Terrestrial organisms are chronically exposed not only to natural environmental stress factors, such as ultraviolet (UV) and ozone (O3
), but also to pollutants of anthropic origin. The skin, the largest body organ, provides the first barrier against environmental factors that physically and/or chemically can alter the body's functions. Indeed, the skin, along with the oral and respiratory tract, is the common route by which chemicals can enter the body.1
This protective envelope, fundamental for life on dry land and for animal evolution, consists of (a) the stratum corneum (corneocytes), which functions as a physical barrier against both percutaneous penetrations of harmful substances and excessive trans-epidermal water and salt loss; (b) a corneocytes-bound intercellular hydrophobic matrix, mainly composed of ceramides, fatty acids, and cholesterol, which forms a chemical barrier against the entry of environmental contaminants, including ambient particulate matters, as well as pathogens and allergens; and (c) an immunological barrier constituted by humoral and cellular components of the adaptive immune system, such as inflammatory cytokines and dendritic cells.
Alterations that disturb the skin barrier function in either stratum corneum lipid metabolism or protein components of the corneocytes are involved in the development of various less- or more-severe skin diseases, including erythema, edema, hyperplasia, “sunburn cell” formation, skin aging, contact dermatitis, atopic dermatitis, psoriasis, and carcinogenesis.2
Obviously, the protective ability of the skin is not unlimited, and problems arise when an abnormal exposure to environmental stressors exceeds the skin's normal defensive potential.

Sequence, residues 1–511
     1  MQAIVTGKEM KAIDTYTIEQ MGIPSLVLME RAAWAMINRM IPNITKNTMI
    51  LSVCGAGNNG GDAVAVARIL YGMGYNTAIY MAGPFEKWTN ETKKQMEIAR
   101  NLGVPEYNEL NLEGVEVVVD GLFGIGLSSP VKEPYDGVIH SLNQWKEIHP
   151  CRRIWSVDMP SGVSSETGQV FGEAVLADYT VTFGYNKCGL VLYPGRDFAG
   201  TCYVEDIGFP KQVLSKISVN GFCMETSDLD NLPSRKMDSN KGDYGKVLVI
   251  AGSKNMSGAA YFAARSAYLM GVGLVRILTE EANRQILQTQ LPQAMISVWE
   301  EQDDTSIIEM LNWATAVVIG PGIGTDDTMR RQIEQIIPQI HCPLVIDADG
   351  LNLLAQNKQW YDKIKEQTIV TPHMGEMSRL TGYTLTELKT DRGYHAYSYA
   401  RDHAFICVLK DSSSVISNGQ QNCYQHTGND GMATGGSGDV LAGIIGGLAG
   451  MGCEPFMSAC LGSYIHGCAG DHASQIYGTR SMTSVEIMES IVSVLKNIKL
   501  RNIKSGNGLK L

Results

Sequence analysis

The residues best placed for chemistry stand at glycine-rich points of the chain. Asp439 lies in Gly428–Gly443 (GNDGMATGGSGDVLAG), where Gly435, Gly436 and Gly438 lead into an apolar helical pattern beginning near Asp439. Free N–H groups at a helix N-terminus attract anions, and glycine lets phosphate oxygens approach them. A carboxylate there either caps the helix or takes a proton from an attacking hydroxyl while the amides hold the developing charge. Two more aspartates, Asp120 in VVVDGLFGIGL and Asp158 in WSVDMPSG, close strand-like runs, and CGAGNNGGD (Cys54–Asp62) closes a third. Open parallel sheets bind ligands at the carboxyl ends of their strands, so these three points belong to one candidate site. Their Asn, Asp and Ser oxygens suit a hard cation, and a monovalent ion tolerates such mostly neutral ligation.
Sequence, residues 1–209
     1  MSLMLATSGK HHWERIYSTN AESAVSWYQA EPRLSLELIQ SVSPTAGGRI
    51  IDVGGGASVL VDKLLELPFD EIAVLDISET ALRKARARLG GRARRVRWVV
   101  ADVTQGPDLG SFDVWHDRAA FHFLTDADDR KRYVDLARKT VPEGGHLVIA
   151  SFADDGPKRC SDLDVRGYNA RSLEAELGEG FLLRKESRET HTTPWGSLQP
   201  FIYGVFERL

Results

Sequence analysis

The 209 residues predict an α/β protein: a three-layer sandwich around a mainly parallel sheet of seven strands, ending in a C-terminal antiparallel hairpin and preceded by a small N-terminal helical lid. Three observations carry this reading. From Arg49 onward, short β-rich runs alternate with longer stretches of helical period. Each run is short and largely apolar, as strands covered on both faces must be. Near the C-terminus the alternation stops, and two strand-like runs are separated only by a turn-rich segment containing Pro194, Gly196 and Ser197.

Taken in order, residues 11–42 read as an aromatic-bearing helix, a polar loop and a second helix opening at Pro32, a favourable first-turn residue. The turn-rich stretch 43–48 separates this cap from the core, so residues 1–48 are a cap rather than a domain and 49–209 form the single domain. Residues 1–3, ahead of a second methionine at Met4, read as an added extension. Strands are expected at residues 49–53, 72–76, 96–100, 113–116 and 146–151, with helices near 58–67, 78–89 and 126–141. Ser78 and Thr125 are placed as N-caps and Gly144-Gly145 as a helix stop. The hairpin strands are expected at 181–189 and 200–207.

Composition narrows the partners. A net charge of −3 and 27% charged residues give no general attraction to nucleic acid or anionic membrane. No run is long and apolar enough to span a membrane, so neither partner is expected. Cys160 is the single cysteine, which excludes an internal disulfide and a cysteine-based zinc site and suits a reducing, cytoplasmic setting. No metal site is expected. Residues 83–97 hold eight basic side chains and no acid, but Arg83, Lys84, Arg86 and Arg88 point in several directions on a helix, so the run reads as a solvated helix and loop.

A major mechanism by which environmental insults exert a detrimental effect in the skin is through the generation of oxidative stress, which overwhelms the skin's defenses by quickly depleting the enzymatic (glutathione peroxidase, glutathione reductase, superoxide dismutase, catalase) and nonenzymatic (vitamin E, vitamin C, and glutathione) antioxidant capacity, thus leading to deleterious effects.3
Sun UV rays, O3
, cigarette smoke (CS) exposure, and pollutants, in addition to the natural process of aging, contribute to the generation of free radicals and reactive oxygen species (ROS) that interact with lipid-rich plasma membrane and initiate the so-called lipid peroxidation reaction cascade
ROS also stimulate the release of pro-inflammatory mediators from a variety of skin cells. Skin inflammation, in turn, leads to skin infiltration by activated neutrophils and other phagocytic cells that generate further free radicals (both reactive oxygen and nitrogen species), thus establishing a vicious circle.7
Oxidative stress initiates complex biologic processes in various layers of the skin, which can result in transient or permanent genetic damage, activation of transcription factors, such as Ap1 and NF-κB,8
and signaling pathways, such as the ERK, JNK, and p38 MAPK pathways,9
involved in cell growth and differentiation and in degradation of the connective tissue of the dermis.10
Altered skin conditions are among the most common health problems in humans, even exceeding some of the most common pathologies such as obesity, hypertension, and cancer. More than 30% of the U.S. population has been affected by a skin disorder.11
And while many skin diseases are not life threatening or of sufficient societal concern and impact, they can have a significant clinical burden for individuals, affect quality of life, and account for substantial social health care costs.
The costs related to the main skin pathologies range from $157 million for cutaneous drug eruptions to $12.0 billion for skin ulcers and wounds; and the five most economically burdensome pathologies, based on direct and indirect costs, are skin ulcers and wounds, melanoma, acne, nonmelanoma skin cancer, and contact dermatitis, comprising a total of $22.8 billion in costs.12
Several environmental pollutants affect skin health and play a role in the pathogenesis of skin disease, among which UV, CS, and O3 have been shown to be the most dangerous, and thus will be discussed below.